US concerns about Iraq's political stability stem in large part, as they have in the past, from unresolved tensions along ethnosectarian divides – between the majority Shiites and the minority Sunnis, but also now between the Kurds and the Shiites.
Last week, both Gen. David Petraeus – the US commander in Iraq during the "surge" of US troops who is about to assume the top spot in the US Central Command – and Adm. Mike Mullen, chairman of the Joint Chiefs of Staff, said that they see recent progress in Iraq as "fragile" and "reversible."
And Gen. Ray Odierno, the US commander in Iraq who replaced General Petraeus, is speaking publicly of his concern that power struggles exacerbated by the upcoming elections could undo recent political gains.
Another worry is the failure of US and Iraqi officials to reach an agreement that would allow American forces to remain and operate in Iraq past the end of this year. On Wednesday, Mr. Maliki said his security cabinet would this week take up a final draft of the agreement, which has been held up for months – primarily on the issue of legal jurisdiction over US soldiers committing crimes in Iraq.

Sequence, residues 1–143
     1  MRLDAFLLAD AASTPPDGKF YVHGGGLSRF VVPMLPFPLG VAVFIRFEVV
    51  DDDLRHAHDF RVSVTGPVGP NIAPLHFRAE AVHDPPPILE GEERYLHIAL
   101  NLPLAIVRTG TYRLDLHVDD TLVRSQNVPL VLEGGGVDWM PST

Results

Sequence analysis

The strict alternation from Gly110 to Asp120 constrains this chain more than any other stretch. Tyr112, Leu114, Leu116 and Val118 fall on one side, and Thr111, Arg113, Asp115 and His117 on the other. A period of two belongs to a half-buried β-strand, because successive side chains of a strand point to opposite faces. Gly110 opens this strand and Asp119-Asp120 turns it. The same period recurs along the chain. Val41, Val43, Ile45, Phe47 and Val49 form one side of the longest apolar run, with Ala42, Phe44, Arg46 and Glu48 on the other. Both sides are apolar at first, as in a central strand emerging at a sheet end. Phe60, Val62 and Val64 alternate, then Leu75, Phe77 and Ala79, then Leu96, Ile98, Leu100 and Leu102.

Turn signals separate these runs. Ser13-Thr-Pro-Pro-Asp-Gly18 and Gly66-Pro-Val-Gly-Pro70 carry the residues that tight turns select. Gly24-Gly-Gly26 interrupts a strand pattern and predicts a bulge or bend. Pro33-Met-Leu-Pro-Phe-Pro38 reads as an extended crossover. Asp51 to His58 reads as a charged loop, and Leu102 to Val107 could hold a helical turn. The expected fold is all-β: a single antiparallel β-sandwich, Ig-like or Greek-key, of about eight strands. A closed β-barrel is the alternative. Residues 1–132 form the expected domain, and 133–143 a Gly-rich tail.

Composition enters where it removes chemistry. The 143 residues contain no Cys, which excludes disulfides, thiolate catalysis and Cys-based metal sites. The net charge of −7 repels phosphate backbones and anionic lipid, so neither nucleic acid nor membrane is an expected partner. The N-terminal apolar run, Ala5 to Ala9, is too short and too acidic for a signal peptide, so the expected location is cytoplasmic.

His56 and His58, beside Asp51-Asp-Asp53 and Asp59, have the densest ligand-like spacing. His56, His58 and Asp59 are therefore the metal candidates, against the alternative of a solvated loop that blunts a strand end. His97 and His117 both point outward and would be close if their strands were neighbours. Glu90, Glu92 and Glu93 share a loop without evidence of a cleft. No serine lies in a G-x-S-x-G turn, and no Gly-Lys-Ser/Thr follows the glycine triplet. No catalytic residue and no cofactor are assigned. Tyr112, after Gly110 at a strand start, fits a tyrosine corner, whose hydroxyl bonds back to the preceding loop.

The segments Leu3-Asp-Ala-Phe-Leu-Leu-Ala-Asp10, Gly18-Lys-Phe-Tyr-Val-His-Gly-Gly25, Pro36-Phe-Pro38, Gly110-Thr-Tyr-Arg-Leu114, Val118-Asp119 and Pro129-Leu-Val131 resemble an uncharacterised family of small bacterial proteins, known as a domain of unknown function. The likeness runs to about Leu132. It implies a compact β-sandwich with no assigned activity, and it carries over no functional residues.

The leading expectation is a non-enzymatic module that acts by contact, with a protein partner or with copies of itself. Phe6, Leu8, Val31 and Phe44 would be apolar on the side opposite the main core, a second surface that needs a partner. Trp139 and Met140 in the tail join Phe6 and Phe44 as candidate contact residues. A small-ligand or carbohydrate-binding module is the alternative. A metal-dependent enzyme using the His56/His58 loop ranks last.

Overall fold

All these concerns factor into a recent Pentagon assessment of Iraq, which cited a list of unresolved political issues and security question marks. The next National Intelligence Estimate, which will be published sometime after the US elections, is expected to echo the cautious sentiment.
Another troubling development in Iraq – one that has received less attention than the sectarian schisms – is the growing divide between a large and increasingly successful military, and a lagging and increasingly disdained civilian government, says Mr. White, now an adjunct scholar at the Middle East Institute in Washington.